- By: Paola Cappa
- Tags: Tag:Barrie Schwortz, Bruno Barberis, Certificate in Shroud Studies, Giulio Ricci Diocesan Center of Sindonology, International Center of Study on the Shroud, Nello Balossino, Othonia, Padre Andrew Dalton, Padre Rafael Pascual, Pontifical Athenaeum Regina Apostolorum
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The Science and Faith Institute of the Pontifical Athenaeum Regina Apostolorum, in collaboration with Othonia, the International Center of Study on the Shroud in Turin and the Giulio Ricci Diocesan Center of Sindonology of Rome is offering for the eighth consecutive year a Postgraduate Certificate in Shroud Studies.
This program, which covers a wide range of topics, is for clergy, laity, professors, researchers, journalists, and anyone else who may want to gain a deeper understanding of Shroud studies, using an interdisciplinary approach. The duration of the program is two semesters long.
Director of the project is father Rafael Pascual, LC. The Scientific Committee is formed by Nello Balossino, Bruno Barberis, Gianfranco Berbenni, Antonio Cassanelli, Andrew Dalton, Rafael Pascual, Gian Maria Zaccone.
Teachers and Lecturers in the different courses are Nello Balossino, Bruno Barberis, Andrew Dalton, Paolo Di Lazzaro, Roberto Falcinelli, Giuseppe Ghiberti, Ada Grossi, Kelly Kearse, Flavia Manservigi, Alfonso Muñoz-Cobo, Rafael Pascual, Alfonso Sánchez Hermosilla, Marco Riani, Luigi Rodella, Alfonso Sánchez Hermosilla, Barrie Schwortz, Enrico Simonato, Joseph Spence.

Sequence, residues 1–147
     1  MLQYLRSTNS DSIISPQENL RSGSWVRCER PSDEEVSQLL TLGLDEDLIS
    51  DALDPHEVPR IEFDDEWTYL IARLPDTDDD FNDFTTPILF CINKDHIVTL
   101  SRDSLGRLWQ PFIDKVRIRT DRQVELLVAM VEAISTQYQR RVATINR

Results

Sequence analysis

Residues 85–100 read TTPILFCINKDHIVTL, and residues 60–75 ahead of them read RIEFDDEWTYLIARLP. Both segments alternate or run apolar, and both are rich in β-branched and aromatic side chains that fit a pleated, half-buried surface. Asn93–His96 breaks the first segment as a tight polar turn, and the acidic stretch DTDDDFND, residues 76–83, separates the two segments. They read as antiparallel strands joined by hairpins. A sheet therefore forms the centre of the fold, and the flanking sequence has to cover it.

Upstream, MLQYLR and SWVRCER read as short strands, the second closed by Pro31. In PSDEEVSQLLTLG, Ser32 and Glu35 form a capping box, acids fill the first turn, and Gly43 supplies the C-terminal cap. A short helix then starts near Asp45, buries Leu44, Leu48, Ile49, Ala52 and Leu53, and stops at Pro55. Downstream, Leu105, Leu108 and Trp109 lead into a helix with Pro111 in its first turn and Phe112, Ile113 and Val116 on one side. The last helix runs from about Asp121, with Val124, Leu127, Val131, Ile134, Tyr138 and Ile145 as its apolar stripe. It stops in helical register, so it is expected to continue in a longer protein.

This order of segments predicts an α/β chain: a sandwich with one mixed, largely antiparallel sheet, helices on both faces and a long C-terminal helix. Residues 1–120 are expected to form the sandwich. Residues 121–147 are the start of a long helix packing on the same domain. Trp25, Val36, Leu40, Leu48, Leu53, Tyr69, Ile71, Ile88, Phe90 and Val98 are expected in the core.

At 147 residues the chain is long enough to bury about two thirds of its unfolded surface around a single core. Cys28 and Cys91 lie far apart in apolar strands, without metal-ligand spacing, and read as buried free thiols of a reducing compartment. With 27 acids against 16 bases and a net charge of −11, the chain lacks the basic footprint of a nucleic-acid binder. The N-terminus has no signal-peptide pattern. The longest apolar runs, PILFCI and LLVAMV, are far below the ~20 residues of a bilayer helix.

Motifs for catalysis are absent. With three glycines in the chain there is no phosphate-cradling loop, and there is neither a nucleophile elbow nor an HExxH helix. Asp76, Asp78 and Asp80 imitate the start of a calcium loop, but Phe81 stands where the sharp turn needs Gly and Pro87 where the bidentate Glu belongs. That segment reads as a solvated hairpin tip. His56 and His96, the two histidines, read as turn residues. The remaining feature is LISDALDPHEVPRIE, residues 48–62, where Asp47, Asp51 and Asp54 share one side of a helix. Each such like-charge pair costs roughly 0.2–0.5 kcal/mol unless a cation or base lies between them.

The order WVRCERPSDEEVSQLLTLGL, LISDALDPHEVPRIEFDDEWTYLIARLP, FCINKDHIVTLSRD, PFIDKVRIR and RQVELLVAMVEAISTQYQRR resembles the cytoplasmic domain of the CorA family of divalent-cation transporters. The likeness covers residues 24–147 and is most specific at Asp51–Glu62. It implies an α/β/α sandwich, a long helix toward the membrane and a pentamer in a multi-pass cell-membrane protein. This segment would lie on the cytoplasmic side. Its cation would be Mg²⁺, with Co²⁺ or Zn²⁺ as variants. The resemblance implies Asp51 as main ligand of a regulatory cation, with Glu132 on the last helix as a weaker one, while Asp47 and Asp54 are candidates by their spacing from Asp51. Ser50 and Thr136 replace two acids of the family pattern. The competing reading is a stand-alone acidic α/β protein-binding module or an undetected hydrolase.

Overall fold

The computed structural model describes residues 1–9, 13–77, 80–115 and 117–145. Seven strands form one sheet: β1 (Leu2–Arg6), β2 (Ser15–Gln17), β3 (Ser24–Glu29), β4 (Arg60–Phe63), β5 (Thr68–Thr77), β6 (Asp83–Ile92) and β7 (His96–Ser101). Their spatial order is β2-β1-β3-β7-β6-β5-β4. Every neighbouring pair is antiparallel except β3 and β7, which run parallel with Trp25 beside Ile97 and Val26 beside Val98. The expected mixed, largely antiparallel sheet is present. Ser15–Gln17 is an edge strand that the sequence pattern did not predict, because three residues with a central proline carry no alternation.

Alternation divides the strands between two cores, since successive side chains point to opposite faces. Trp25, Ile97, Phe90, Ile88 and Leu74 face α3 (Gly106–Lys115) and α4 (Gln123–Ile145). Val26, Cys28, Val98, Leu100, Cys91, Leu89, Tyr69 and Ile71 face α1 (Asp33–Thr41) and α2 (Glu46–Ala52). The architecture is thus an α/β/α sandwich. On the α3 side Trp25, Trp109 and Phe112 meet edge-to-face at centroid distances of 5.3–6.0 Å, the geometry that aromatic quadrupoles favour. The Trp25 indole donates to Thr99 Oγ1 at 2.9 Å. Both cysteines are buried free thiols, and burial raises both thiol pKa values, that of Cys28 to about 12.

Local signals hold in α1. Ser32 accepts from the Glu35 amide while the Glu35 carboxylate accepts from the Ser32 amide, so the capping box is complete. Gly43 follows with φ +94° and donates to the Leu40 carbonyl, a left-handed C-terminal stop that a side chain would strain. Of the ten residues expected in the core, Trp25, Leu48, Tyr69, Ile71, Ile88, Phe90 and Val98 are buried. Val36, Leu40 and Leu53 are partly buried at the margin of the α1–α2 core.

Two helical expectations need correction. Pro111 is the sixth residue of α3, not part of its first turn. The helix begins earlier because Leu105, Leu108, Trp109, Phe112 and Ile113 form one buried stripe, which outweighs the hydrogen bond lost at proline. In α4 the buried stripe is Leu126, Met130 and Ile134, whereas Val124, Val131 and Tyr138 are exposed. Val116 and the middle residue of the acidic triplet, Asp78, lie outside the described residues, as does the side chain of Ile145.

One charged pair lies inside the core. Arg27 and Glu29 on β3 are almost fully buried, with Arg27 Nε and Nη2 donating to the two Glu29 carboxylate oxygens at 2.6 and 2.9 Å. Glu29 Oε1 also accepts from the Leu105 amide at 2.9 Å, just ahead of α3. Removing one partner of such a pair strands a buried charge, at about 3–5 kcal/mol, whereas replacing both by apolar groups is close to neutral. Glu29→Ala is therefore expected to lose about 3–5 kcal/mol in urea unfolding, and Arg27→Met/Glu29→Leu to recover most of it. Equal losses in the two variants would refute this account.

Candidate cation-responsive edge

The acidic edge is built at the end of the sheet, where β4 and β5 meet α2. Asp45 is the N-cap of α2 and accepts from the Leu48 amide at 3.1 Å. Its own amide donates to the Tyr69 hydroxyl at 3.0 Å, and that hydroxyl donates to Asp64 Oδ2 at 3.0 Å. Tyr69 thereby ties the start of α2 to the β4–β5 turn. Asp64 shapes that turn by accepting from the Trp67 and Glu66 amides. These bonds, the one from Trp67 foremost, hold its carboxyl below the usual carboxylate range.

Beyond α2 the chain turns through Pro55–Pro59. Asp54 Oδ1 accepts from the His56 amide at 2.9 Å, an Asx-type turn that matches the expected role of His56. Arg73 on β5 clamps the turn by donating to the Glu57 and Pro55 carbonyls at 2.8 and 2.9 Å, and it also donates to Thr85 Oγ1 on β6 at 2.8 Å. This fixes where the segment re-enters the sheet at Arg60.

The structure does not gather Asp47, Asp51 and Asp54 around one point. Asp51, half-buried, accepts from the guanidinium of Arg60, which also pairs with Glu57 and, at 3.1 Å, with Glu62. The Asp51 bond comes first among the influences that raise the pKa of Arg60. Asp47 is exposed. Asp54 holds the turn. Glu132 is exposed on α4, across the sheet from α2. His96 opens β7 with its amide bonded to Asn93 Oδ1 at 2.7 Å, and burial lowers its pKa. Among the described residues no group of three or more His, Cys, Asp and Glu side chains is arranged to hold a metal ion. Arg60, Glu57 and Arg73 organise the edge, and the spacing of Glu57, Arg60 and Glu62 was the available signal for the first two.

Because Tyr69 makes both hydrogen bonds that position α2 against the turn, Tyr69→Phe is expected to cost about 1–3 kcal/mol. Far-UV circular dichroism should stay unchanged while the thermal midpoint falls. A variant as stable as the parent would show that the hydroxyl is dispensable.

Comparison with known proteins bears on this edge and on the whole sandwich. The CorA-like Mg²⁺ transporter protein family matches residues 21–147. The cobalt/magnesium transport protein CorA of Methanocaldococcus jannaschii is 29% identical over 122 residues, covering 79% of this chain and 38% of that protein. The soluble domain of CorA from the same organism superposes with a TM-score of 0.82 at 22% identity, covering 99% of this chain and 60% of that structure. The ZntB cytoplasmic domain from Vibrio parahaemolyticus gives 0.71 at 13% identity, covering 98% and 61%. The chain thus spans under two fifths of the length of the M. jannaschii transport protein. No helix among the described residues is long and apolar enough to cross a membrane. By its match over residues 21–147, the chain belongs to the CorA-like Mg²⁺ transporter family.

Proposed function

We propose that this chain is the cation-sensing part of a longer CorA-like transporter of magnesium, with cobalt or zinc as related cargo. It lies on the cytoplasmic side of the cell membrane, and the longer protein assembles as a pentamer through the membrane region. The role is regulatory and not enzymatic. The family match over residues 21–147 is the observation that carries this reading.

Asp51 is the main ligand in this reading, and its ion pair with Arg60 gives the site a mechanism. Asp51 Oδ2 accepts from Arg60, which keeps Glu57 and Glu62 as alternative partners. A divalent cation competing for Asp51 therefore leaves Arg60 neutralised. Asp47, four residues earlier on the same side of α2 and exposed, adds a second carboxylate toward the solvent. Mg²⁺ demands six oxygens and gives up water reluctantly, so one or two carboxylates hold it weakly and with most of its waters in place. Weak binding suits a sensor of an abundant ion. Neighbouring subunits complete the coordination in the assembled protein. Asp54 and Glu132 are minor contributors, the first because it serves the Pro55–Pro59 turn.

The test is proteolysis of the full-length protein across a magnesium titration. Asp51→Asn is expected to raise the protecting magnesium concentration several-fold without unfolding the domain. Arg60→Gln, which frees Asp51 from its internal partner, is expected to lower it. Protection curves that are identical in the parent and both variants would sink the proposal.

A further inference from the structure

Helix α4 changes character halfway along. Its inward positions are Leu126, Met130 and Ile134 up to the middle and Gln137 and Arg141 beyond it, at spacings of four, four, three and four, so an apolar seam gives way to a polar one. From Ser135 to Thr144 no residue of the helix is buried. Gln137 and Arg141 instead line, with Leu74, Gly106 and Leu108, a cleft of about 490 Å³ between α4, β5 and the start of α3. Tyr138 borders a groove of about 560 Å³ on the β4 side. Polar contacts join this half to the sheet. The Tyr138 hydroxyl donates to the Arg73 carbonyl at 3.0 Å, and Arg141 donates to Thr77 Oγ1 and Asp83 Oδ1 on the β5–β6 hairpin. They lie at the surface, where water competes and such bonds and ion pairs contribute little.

An eloquent message of love
This program offers a systematic approach to the intellectual challenges posed by the Shroud of Turin, as well as the opportunity to go deeper into the message that it proposes to the faith and to the heart of believers. As Pope Francis told in the video message for the extraordinary exposition of the Shroud of Turin on March 30, 2013: “We do not simply observe; we venerate. Ours is a prayerful gaze. I would say more: it is letting yourself to be gazed upon. This face has closed eyes; it is the face of one who is deceased. Yet, mysteriously, he looks at us, and, in the silence, he speaks to us. How is it possible? Why do people of faith, like you, want to pause before this icon of a man scourged and crucified? Because the Man of the Shroud invites us to contemplate Jesus of Nazareth. This image—impressed on the cloth—speaks to our heart and urges us to climb the Mount of Calvary, to look at the wood of the Cross, to immerse ourselves in the eloquent silence of love.”
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